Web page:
Written by Joel T. Lewis
With all the continuity shake-ups of the DC universe over the last 10 years or so it has been a daunting task to enter that comic book universe for me. With 'Flashpoint', 'New 52' and now 'Rebirth' there have just been too many titles shuffling too many threads of too many storylines for me to grab ahold of anything with any confidence. Then I heard about All-Star Batman. The first issue was described to me as a madman’s road trip with Harvey TwoFace and Batman. Sign. Me. Up.
Two-Face may have gone too far. In the aftermath of a Gotham-wide spout of acid rain leaving thousands of Gothamites suffering from severe burns, Batman decides to take Two-Face across state lines to an unknown location rather than letting him manipulate the criminal justice system again. This scheme was suggested by Two-Face’s other personality Harvey Dent who wants to be rid of Two-Face once and for all. But, little does Batman know that Two-Face has put out a bounty on Batman, threatening to reveal every scrap of dirt he's accumulated on the citizens of Gotham if someone doesn't prevent Batman from relocating Two-Face. Seconds after this is revealed the BatPlane is shot out of the sky and a quick aerial hop turns into a road trip scenario. Cue a roadside diner brawl starring Batman, Killer Moth, Firefly, and Black Spider complete with some killer Batman quips and chainsaw sculptures. Rest assured I am not exaggerating and it is glorious.
The artwork is sleek and crisp, and villain and hero alike leap off the page as you read. I was particularly struck by the character designs for the Fly, Moth, and Spider themed villains as they flew through panels and window panes. Being bad never looked quite so good as Batman trades blows with Black Spider. Also the hooded Two-Face that we meet aboard the BatPlane builds up tension and mystery that pays off in a big way when he is finally unveiled on the ground. His sheet mask mirrors how he sees the world: there is a thin veil of humanity that everyone hides behind. Underneath that thin veil, like his thin sheet, lies a dark core capable of monstrous things.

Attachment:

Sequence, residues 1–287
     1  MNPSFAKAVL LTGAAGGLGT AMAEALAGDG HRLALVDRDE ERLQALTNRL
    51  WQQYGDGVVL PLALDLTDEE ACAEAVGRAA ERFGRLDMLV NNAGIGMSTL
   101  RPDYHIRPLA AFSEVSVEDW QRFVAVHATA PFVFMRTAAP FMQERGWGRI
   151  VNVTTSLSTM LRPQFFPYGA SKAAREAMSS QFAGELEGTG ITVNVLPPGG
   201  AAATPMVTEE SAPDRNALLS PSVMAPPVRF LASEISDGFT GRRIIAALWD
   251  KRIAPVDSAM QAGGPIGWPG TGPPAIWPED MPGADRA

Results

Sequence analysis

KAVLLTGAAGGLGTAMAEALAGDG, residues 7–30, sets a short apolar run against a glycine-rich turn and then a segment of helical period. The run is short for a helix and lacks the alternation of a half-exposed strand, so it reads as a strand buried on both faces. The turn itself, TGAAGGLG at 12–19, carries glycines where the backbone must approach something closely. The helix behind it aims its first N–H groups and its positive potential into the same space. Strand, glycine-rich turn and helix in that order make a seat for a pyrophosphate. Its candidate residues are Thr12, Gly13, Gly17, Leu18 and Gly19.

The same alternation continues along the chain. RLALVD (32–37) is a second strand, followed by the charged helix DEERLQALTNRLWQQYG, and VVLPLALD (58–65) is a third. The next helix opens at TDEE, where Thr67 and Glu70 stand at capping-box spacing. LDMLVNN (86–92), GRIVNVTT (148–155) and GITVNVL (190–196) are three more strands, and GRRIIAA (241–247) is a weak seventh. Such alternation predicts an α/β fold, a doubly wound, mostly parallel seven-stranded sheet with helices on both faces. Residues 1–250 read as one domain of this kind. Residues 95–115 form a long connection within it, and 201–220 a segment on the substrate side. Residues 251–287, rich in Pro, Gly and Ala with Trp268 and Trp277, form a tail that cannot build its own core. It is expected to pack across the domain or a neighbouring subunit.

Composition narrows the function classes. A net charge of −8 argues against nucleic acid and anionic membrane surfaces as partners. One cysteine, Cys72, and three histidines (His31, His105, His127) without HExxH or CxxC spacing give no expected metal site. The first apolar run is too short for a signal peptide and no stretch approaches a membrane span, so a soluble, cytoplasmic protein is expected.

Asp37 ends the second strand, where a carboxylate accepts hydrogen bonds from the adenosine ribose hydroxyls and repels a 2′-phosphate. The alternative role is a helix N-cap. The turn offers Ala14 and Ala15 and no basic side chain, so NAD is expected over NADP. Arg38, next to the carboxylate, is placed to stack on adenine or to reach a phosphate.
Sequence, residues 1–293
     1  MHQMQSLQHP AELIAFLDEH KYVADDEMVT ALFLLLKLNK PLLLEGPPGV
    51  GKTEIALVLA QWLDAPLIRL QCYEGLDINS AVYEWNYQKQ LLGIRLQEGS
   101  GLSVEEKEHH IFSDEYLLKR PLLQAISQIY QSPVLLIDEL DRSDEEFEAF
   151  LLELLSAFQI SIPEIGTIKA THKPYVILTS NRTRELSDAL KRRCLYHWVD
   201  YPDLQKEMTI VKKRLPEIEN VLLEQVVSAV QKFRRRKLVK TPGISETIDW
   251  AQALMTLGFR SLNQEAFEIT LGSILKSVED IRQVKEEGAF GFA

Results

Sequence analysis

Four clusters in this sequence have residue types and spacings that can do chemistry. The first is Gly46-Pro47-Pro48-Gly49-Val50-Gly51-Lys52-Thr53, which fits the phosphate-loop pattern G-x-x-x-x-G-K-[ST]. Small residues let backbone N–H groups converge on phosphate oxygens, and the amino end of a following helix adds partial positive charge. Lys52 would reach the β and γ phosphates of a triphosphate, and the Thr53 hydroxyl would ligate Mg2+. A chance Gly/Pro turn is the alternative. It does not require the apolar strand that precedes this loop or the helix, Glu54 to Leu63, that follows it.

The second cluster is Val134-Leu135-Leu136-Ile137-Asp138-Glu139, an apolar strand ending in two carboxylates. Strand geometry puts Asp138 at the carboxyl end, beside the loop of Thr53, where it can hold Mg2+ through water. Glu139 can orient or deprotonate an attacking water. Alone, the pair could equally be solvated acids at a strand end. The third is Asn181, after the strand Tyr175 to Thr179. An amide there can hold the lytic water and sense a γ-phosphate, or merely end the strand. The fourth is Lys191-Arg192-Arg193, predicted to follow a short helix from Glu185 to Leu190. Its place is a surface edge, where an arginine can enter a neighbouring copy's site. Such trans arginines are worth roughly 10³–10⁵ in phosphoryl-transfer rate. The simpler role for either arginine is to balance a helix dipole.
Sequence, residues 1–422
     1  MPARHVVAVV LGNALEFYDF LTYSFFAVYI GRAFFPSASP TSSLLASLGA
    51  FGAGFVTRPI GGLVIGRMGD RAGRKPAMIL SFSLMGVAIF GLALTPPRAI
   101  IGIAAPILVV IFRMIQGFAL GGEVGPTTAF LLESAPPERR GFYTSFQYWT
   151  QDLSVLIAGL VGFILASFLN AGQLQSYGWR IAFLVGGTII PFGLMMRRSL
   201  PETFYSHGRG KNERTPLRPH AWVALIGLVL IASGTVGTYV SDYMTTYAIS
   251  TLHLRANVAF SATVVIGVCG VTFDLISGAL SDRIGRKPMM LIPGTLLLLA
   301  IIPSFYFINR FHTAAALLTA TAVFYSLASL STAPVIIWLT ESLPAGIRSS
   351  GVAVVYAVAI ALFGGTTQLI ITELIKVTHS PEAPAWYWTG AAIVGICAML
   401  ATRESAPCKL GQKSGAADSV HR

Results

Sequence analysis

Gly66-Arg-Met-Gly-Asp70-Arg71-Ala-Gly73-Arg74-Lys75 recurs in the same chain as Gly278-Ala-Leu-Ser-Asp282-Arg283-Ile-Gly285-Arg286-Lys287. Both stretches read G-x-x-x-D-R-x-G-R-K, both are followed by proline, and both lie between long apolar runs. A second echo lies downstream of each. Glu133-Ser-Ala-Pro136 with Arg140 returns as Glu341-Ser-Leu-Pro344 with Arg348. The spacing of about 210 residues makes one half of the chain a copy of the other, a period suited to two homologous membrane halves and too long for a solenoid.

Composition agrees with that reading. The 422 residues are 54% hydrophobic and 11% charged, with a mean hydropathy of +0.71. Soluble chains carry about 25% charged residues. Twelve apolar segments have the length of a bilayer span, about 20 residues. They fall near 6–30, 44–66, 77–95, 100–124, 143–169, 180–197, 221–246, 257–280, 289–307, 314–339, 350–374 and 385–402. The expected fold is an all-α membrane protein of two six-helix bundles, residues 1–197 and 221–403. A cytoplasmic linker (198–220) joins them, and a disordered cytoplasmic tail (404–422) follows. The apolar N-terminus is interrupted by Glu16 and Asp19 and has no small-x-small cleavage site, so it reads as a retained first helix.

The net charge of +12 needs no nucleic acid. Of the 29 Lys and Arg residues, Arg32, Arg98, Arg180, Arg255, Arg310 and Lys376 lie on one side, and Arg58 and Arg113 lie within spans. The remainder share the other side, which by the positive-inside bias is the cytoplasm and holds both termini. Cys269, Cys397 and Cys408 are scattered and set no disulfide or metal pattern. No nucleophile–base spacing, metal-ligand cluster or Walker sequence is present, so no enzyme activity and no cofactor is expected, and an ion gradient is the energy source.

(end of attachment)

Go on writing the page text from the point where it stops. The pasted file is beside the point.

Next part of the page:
Apart from nailing the philosophy and tone of Two-Face’s character and the killer twist at the end of the issue, All-Star Batman captures the spirit of a road trip that I sincerely hope continues throughout the series. You feel like you've been in this roadside diner, and driven passed tacky chainsaw sculptures like these on every cross-country outing your parents dragged you along for. If this issue is any indication there is a lot to be excited for in the coming months as All-Star Batman continues. It's not often that we get to see Batman out of Gotham, in broad daylight , and in such intimate proximity to one of his most dangerous foes. Writer Scott Snyder gives us all that and more as the panels unfold with cinematic timing; jumping between the present and just before slowly revealing more details of the plot.
Further, Snyder’s take on Batman breathes new life into a character that can be a bit one-note at times. Too often we are presented with a dark and brooding Batman who carries the weight of his crusade for justice in every panel, but Snyder gives us a hero who seems like he actually enjoys being Batman and that’s quite refreshing. He quips, he innovates, and he is present during combat in a way that I haven’t seen before. Typically Batman will dispatch a room full of goons with surgical precision and an emotionless demeanor whereas All-Star Batman is almost as talkative as Spiderman. I haven't read a Batman comic in quite a while but boy is it good to be back!